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TÜV SÜD: What everyone should know about snow chains

TÜV SÜD: What everyone should know about snow chains

Munich - When country side-roads are deeply covered in snow, even the best winter tyres will reach their limits. Snow chains are the answer in this situation. The experts at TÜV SÜD provide an overview of the various models, with tips on choosing and using them.
Snow chains must exactly fit the sizes of the tyres! “215/60-16 is quite different from 215/50-16”, notes TÜV SÜD expert Eberhard Lang. “The applicable tyre sizes – there are usually several – must be shown precisely on the packaging.” This is particularly important when a set of chains is passed from one car to another. Some snow chain manufacturers will adjust used chains to different tyre sizes. But even where tyre sizes and chain sizes are a match, care is essential. In many cases car manufacturers do not provide official approval for chains in the larger of the tyre sizes permitted for the vehicle. If the vehicle manual is silent on this point, it is advisable to ask your car dealer. Websites of snow chain manufacturers are also useful sources of information.
Classic snow chains: This is the most straightforward type of snow chain for cars, and is also referred to as a ‘compact cable fitting system’. It can be applied without moving the car – a major advantage if the car is already stuck in snow. “However, the wheels should not be in too deep”, warns TÜV SÜD expert Eberhard Lang. If they are, they must be cleared of excessive snow first. Classic snow chains are very cheap and are useful to stow in the boot as a precaution. They are often difficult to fit to rear-wheel-drive cars, however: “To fit the snow chains, the driver has to reach behind the wheel to fit hooks; this is often very difficult where there is too little wheel arch clearance”, explains Lang.
Quick-fitting snow chains: If snow chains are likely to be used often, this type – in which a spring steel hoop snaps the chains into place behind the wheel – is recommended as being far easier to fit and requiring less wheel arch clearance. However, the car must be moved forward one-quarter of the tyre circumference in order to fit and remove the chains.
Quick-fit self-tensioning snow chains: An even simpler option is provided by snow chains with spring-loaded arms or plastic clips. However, numerous models require an adapter to be fitted to one or more wheel nuts, a complicated process that must be completed before the winter season – and preferably as early as the changeover to winter tyres. Quick-fit self-tensioning snow chains can be fitted to cars already stuck in snow.
Textiles over steel: In recent years car ‘snow socks’ and meshes made from textiles have appeared on the market. While they are significantly easier to fit than their steel counterparts, the traction and durability of metal chains are far superior.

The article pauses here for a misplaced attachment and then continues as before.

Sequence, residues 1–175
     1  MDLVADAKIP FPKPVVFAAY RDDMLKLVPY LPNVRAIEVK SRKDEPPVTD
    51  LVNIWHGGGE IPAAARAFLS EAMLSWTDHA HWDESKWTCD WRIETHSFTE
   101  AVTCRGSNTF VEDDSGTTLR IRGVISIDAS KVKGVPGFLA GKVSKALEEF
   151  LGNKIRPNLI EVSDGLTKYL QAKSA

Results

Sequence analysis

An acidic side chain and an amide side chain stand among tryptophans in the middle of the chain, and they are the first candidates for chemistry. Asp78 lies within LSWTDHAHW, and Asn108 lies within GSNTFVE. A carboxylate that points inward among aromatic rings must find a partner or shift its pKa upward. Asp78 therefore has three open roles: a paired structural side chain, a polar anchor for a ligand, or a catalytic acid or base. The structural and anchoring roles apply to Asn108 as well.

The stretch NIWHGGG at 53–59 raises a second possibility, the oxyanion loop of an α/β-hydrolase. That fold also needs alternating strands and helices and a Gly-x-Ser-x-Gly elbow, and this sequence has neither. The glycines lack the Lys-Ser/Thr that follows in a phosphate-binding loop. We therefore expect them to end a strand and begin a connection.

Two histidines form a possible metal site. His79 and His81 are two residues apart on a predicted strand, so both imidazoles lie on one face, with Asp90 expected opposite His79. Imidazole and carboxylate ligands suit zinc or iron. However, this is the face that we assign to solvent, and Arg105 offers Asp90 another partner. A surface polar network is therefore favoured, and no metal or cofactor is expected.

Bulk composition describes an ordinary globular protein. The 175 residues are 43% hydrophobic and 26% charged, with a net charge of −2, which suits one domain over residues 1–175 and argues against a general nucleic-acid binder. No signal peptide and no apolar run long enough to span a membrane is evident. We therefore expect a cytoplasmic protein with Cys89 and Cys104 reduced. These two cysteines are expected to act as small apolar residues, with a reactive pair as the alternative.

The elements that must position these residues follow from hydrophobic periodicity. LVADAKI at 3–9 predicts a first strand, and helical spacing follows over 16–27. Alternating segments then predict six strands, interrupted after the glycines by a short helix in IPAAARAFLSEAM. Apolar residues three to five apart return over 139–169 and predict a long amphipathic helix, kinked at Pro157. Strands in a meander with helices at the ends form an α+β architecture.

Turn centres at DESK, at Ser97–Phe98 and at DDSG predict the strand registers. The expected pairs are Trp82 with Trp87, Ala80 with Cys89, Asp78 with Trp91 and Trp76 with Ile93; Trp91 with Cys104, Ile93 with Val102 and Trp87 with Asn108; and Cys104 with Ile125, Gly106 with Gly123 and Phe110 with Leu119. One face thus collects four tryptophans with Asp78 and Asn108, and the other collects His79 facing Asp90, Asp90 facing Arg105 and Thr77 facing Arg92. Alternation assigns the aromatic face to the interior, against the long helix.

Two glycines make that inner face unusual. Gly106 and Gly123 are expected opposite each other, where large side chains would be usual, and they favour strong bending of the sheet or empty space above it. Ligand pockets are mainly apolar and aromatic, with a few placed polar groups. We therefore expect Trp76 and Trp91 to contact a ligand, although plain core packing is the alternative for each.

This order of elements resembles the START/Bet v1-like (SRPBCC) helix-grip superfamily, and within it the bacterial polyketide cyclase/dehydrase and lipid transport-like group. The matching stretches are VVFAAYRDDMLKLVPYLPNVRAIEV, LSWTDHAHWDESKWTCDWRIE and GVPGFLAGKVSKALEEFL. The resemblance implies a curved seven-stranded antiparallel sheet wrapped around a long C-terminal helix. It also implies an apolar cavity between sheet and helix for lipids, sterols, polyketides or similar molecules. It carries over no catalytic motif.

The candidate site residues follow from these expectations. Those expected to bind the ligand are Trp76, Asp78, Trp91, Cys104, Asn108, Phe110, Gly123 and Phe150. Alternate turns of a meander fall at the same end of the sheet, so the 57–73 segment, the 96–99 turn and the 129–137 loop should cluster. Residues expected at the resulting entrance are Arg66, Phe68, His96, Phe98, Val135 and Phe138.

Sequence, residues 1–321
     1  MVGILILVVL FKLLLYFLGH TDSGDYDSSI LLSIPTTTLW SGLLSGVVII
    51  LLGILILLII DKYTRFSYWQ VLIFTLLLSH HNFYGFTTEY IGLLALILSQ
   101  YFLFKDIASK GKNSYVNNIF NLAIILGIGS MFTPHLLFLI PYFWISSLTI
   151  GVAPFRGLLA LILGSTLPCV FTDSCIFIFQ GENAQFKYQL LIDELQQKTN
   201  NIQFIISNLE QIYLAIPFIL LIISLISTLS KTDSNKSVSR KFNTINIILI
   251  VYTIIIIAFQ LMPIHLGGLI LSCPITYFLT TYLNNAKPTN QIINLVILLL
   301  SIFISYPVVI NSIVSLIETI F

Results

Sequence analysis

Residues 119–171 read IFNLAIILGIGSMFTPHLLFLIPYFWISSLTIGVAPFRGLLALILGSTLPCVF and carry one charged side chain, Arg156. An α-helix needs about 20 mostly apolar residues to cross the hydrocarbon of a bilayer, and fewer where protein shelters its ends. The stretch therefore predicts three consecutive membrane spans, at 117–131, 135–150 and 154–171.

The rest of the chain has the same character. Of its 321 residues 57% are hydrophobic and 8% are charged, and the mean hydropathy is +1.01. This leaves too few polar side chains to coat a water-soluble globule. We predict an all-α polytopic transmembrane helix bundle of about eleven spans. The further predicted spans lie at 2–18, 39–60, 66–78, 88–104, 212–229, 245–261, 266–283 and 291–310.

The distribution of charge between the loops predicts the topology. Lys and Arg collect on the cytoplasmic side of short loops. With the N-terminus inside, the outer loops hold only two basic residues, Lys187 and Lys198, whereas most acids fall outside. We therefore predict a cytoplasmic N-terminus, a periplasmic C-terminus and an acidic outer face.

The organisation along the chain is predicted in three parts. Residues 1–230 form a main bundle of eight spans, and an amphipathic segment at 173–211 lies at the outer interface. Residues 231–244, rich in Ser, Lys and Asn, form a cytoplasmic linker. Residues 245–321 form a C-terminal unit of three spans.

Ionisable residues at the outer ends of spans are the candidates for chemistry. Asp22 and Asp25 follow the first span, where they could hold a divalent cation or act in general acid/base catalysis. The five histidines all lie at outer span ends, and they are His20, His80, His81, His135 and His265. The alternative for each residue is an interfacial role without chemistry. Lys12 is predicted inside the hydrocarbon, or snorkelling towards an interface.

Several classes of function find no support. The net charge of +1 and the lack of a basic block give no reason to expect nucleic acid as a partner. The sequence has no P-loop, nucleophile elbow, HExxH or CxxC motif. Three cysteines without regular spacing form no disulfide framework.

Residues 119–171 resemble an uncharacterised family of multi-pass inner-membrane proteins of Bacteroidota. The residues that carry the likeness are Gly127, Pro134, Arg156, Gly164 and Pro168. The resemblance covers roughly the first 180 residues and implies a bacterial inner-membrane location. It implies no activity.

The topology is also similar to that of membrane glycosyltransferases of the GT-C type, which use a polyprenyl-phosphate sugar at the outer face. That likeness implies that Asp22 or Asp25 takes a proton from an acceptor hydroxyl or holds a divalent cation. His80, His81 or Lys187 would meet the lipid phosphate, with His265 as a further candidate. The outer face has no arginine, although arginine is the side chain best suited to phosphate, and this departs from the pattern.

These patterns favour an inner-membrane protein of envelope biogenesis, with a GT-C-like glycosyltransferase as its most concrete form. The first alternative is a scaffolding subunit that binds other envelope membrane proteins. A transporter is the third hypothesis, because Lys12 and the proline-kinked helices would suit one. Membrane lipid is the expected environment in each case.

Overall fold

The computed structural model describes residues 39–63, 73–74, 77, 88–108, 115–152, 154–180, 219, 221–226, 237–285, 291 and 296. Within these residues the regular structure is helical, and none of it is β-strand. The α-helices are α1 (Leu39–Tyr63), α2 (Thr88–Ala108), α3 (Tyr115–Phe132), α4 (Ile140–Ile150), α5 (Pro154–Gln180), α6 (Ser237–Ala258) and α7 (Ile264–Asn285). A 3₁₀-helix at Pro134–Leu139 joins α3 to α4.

Practice: Even technically skilled drivers may not succeed in fitting their snow chains at the first try – especially not in the dark and in slushy, snowy conditions. Lang recommends, “Read through the instructions carefully at home and do a trial run to ensure you are thoroughly familiar with handling the snow chains.”
Use: Snow chains are only happy in deep snow; ‘bare’ winter tyres offer better grip on icy roads. Only the spikes available with numerous quick-fit self-tensioning snow chains also offer a slight improvement on ice. The applicable speed limit is 50 km/h.
Regulations: Germany does not have any regulations governing snow chains in place; however, in Austria snow chains must comply with the Austrian ‘Ö-Norm’ standard – identified by an intertwined Ö and N symbol. Branded products comply with the standard as a matter of course.
Quality: Classic snow chains are the cheapest type. Acceptable quality and a minimum of convenience in fitting cannot be expected at prices below 50 euros, and quick-fit self-tensioning snow chains may run into several hundred euros. Drivers that only need chains for a holiday trip to the mountains can consider hiring a set of chains – a service offered by car clubs and some garages. Wear and tear need not be a major consideration; in TÜV SÜD’s experience good chains have a mileage of at least one thousand kilometres, and this applies even to the plastic components of quick-fit chains. “But this assumes that the chains are not driven over dry roads for long distances”, warns Eberhard Lang from TÜV SÜD. Tyres also need not fear damage provided the chains are operated correctly. And drivers seeking to avoid scratching their stylish light alloy wheels are best advised to choose quick-fit self-tensioning snow chains, in which there is no contact between the steel chains and the wheel rim.  

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